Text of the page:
The unidentified moth from the night of the 12th (here) has now been identified as a Brown Rustic - the first and only record for Shetland ! Other than that stunning news, the only other things of note were a couple of Diamond Backs in the trap (proving that the southerly winds are having some effect), a newly fledged Pied Wagtail in the garden and a fly-over Bar-tailed Godwit.

Pied Wagtail.

Diamond Back.

Wednesday, 14 July 2010


A few mystery moths in the trap over the last few days (as well as lots that were identifiable !).

This one was trapped on the 12/13th July and kinda falls between Small Square Spot and Square Spot Rustic, I am tempted to go for the latter even though it may be about 2 weeks earlier than when I normally start to trap Square Spot Rustics, the lack of a 'double line' near to the base of the forewings seems to eliminate Small Square Spot.

This one seems to be a Dusky Brocade, although it is 2-3mm smaller than others that have been trapped and a little bit lighter in colouration.

This one , also trapped on 12th/13th, is a complete mystery, the only thing that comes close is some kind of very weird looking Ingrailed Clay - reckon this one needs to be sent off for analysis.

Magpie Moth - trapped on the night of 13th/14th, this is the 9th Magpie that I've trapped this year (none at all last year).

Sunset over Quendale Bay sometime over the weekend.

Monday, 12 July 2010

Three Days....

As wader passage should be starting anytime now, did the patch three days in a row, checking all the beaches and pools (whats left of them), and the passage has indeed started just very slowly - a few Whimbrel and a Sanderling ! A female Crossbill in the garden on Saturday and a few Swifts and Swallows over the house on a few occasions are the only other thing of note. Still, apart from a screaming north-westerly on Sunday night, it's been pretty sunny and pleasant.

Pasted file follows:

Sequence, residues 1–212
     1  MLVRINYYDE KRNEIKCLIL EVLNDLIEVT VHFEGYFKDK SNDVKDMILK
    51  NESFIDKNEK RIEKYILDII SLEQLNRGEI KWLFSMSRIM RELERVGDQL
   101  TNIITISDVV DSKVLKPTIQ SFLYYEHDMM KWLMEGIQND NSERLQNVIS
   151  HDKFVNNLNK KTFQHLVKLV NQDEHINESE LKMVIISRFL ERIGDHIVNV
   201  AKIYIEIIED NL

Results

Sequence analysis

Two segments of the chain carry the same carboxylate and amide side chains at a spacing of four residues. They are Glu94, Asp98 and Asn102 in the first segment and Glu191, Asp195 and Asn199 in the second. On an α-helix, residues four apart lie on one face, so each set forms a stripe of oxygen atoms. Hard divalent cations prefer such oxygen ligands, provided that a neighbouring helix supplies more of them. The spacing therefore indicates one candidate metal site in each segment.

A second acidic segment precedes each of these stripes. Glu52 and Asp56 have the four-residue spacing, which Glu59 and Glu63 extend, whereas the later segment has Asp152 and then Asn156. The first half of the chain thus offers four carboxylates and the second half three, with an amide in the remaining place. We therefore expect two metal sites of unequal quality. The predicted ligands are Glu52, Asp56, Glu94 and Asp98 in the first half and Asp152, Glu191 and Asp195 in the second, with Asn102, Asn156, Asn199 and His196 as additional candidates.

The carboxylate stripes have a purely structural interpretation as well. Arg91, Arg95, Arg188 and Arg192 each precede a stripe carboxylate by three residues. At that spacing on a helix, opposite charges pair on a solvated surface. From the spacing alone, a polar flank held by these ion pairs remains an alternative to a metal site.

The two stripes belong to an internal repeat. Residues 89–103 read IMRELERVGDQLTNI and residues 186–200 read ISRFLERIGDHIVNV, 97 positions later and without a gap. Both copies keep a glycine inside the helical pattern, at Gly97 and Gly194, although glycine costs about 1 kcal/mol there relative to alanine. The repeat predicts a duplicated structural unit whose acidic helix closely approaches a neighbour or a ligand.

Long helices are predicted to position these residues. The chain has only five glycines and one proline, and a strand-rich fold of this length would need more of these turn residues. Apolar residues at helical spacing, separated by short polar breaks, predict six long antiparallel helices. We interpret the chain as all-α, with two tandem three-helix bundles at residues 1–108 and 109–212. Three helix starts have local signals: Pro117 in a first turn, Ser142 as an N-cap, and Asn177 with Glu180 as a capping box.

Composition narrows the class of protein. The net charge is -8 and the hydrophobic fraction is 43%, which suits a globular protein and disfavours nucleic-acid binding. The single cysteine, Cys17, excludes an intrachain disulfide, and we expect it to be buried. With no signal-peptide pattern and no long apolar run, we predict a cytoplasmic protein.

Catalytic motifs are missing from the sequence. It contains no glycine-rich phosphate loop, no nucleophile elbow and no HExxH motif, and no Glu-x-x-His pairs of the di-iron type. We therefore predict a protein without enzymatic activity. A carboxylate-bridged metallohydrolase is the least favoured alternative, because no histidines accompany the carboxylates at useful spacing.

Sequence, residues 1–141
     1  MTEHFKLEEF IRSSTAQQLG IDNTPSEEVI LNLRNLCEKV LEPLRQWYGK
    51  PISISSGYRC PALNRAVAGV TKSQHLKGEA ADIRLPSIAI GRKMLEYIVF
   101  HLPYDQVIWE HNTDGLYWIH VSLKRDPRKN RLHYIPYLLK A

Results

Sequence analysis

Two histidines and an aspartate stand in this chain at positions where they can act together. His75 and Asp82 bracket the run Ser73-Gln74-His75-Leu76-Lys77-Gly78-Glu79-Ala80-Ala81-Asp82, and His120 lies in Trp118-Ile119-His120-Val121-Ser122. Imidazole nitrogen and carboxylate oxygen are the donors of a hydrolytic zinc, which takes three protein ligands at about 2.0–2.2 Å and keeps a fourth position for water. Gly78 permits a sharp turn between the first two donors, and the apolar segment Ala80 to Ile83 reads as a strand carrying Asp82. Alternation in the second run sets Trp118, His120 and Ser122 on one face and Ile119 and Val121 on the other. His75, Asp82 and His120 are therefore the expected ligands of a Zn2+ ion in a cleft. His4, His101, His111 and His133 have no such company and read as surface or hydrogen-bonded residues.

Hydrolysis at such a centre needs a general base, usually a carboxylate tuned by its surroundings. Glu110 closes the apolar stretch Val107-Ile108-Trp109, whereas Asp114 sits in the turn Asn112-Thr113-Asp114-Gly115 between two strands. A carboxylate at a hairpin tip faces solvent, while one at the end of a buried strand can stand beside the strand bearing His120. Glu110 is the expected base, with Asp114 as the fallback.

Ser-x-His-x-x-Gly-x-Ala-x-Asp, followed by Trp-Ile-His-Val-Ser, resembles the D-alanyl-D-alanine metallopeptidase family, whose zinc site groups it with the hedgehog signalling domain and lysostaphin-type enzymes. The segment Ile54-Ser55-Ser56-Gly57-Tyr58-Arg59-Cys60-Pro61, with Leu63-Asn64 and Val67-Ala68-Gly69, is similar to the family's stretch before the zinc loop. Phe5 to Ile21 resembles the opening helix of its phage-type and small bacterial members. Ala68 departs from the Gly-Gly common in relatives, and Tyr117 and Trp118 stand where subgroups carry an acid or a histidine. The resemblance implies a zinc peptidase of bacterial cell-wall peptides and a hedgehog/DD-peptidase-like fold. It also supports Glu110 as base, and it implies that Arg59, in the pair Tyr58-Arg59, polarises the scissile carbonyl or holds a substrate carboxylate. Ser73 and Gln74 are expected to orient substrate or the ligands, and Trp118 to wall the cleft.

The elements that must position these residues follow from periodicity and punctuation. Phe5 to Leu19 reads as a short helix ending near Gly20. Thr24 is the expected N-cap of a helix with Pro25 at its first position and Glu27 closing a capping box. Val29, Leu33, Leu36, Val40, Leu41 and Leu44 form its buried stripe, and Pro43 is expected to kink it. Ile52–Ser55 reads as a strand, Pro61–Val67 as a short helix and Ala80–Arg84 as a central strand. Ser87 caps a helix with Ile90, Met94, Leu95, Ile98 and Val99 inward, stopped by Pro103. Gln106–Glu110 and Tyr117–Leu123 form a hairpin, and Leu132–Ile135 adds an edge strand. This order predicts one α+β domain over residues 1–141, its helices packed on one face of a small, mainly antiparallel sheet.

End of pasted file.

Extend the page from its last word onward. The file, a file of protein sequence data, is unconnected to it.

Arctic Tern.


Great Black-backed Gull.

Friday, 9 July 2010

Trapped in the Night.

Out with the old, in with the new - the 'skinner' trap that has served me well for the last 4 years was looking a bit worse for wear, with the plywood now so warped that the perspex slides didn't fit anymore, so with the aid of a large bucket, some nuts and bolts, a piece of clear perspex and the 'Blue Peter book of moth traps', I've managed to cobble together a 'robinson' trap. Instant success - the new trap seems to be holding catches a lot better, and has produce a few Shetland goodies during the last couple of nights - a couple of Magpies and a Flame Shoulder, the Flame Shoulder being the 8th record for Shetland away from Foula (where resident) in the last 10 years (the 7th record was also in my garden last August).

The new trap.


Flame Shoulder.

Scoparia Ambigualis

Wednesday, 7 July 2010


Having lost broadband for a few days (and told by the bt helpline that it was a fault with my computer and not bt, even though everyone else in south mainland also had no broadband !). Now connected again (obviously), time for a bit of an update - still sod all about ! other than the odd Swift over the house and a fly-over Crossbill on the 30/6. Still pretty quiet on the Moth front too, though Lobesia littoralis was a garden tick.

Dusky Brocade.

Eana Osseana

Lobesia Littoralis
And just for the sake of it, this is Indian Moon Moth (missing its 'tails'), I rescued this Moth from being eaten alive by Mango Ants in Goa 2007.

Indian Moon Moth (Actias Selene)

Broadband is restored to South Mainland by a crack team of bt engineers !